What the US can teach us about free speech — Evgeny Lebedev talks to Sam Harris

 (ES composite)
(ES composite)

The philosopher Sam Harris and I meet six weeks after the terror attacks of October 7 — just one day before Israel and Gaza agree to a truce. That period has seen the deadliest eruption of violence since the Yom Kippur War, with the single deadliest day for Jews since the Holocaust and the casualties in Gaza surpassing those of the Nakba. In London, thousands have marched each weekend in support of Palestine, with many applauding our great city as a symbol of peace and free expression. We should not be so naïve, says Harris: “Tolerance of intolerance is cowardice.”

Harris is one of the most intelligent people alive today. He is a neuroscientist, best-selling author, host of the Making Sense podcast and founder of the meditation app Waking Up. He supports free speech — but more importantly, he supports reason.

Born to a Jewish mother, for him the recent protests are a step too far. Watching footage of them, he says, is akin to watching “hundreds of thousands of people coming into the streets in support of Hamas”. An avowed atheist, Harris rose to prominence as one of the “four horsemen” of the movement’s nouvelle vague (his peers are well known: Daniel Dennett, Richard Dawkins and Christopher Hitchens). He has made no secret of his disdain of the extremes of Islam. While hostages return to their families this week, the real crisis, he tells me, is far from over.

“The entire world is being held hostage by the religious fanaticism of one community.”

Harris continues to be stunned by Islam’s grip on the world — even after 9/11 and the atrocities that followed the Arab Spring. Support for the Islamic faith is so strong, he argues, it has won over communities at odds with its core beliefs. “We have so-called feminists like Code Pink supporting Hamas. That level of moral confusion is anti-inspirational.” But that does not mean we should limit their right to free speech. “There’s a certain amount of intolerance that we’re just going to have to be comfortable with,” Harris says, in order to defend the right to speak openly. He draws the line where intolerance tips over into genuine threat.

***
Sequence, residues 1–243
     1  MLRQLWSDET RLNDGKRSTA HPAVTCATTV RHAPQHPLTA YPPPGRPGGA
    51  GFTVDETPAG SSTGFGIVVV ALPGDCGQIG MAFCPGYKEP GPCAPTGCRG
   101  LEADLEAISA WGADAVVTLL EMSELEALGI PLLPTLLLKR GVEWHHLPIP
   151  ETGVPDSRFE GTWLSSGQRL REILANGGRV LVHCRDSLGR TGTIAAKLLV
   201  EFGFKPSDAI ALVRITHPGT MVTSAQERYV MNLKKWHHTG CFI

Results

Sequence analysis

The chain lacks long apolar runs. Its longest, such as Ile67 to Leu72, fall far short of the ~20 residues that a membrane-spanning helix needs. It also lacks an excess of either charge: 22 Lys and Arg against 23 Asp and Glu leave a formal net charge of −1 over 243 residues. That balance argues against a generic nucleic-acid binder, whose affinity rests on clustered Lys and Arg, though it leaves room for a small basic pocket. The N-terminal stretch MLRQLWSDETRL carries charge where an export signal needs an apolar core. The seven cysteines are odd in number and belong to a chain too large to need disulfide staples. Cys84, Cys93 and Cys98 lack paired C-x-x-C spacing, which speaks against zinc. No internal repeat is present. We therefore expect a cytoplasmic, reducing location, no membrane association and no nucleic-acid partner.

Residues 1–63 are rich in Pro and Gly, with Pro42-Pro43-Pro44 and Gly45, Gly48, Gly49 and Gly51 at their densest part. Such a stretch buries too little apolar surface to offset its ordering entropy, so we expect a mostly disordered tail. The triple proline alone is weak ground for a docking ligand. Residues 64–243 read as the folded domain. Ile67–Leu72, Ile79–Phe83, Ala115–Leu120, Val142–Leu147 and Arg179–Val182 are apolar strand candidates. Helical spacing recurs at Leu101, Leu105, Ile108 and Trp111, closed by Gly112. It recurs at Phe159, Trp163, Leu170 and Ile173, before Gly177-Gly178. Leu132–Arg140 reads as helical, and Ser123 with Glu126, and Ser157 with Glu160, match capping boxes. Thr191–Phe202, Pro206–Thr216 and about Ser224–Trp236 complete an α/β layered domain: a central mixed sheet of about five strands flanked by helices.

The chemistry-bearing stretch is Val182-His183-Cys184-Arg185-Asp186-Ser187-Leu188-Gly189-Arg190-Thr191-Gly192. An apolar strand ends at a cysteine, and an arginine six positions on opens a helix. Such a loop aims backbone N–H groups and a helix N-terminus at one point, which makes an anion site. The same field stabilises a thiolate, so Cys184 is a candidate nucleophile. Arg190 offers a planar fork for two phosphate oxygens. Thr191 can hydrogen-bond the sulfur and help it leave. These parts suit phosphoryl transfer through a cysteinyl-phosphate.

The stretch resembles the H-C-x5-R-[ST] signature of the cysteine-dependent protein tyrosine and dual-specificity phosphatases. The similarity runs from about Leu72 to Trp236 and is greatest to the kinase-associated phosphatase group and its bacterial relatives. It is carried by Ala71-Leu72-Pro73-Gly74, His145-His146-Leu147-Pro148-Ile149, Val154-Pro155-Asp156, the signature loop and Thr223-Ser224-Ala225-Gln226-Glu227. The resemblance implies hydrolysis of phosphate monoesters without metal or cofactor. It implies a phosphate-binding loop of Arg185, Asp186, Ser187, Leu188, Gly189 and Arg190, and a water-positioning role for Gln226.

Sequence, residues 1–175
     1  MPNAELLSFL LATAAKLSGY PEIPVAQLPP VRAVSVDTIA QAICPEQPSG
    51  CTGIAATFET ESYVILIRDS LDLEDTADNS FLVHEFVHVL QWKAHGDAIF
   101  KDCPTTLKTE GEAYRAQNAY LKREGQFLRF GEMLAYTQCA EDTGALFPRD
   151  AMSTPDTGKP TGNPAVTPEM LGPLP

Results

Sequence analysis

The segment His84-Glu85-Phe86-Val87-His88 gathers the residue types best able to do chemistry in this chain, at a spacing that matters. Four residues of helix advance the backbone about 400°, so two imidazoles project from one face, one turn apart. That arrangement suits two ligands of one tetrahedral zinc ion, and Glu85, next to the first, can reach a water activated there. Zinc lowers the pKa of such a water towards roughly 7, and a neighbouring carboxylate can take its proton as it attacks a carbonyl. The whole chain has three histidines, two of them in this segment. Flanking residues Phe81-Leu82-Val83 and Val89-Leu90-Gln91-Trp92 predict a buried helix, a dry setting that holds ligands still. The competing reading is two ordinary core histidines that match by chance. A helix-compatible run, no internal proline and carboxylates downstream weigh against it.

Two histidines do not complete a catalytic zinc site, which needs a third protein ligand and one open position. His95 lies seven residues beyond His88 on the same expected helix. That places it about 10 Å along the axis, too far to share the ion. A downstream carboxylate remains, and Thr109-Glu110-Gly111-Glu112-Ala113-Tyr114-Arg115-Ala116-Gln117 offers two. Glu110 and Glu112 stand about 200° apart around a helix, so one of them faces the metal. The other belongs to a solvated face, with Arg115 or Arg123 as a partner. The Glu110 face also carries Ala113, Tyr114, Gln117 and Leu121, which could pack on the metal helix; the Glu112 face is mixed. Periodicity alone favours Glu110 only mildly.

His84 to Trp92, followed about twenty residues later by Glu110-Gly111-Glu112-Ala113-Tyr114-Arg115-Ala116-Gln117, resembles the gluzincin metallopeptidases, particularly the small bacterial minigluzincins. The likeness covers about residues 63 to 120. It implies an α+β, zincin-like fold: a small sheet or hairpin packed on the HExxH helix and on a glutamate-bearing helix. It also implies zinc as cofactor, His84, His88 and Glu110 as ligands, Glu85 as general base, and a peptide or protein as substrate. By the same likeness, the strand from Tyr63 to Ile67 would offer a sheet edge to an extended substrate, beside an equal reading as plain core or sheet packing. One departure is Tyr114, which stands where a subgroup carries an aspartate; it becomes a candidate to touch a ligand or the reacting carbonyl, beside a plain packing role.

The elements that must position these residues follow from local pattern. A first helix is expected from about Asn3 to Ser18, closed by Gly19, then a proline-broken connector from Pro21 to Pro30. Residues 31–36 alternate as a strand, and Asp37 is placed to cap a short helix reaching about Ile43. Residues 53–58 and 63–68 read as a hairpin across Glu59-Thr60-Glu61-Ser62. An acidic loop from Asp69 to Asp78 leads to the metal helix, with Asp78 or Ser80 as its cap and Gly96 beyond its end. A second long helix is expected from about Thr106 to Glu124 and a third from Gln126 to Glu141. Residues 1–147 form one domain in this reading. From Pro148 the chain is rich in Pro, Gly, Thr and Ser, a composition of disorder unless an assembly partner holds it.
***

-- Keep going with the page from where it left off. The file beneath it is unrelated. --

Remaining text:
If I could wave a magic wand and give everyone the First Amendment, I would

Sam Harris

Like all good thinkers, Harris’s beliefs flow from a set of ideals. His are looser, less stringent than most. The ideal society is, above all, open, and the ideal citizen always seeking to better themselves. Intellectual brilliance must come with spiritual awareness: only then can we be both clever and happy. Harris’s peers have taken swipes at his meditation practice — Hitchens rejected nirvana altogether, once saying “I like anxiety” — but in 2023, Harris’s belief system is the one we should all be getting behind.

Free speech is key to his world view: we need it “to keep our beliefs and aspirations in line with reality”. For instance, with regards to sex. To say, “only women can get pregnant”, and face possible arrest for hate speech, is absurd. In fact, he is “uncomfortable” with the very notion of hate speech.

“It’s a double standard,” he says, for someone to be charged with a hate crime for saying sex is immutable but not when running through jihadist mantras in Trafalgar Square.

There is no such thing as hate speech in the US. This is because free speech is enshrined in the constitution. “If I could wave a magic wand and give everyone the First Amendment, I would,” Harris says. Yet he also worries that we may need a law “to prevent the erosion of our liberty just to live normal lives”. Freedom of assembly — as seen in this month’s protests — can be taken too far when the threat of violence ensues.

The incentives and reward structure of social media push normal people to behave like psychopaths

Sam Harris

Free speech, then, can never be absolute. Harris has no time for Elon Musk, who branded himself a free speech absolutist when he bought Twitter in 2022. “He is behaving unconscionably on X,” Harris says of the billionaire. He claims his caustic online behaviour shows a “dysregulation of personality”.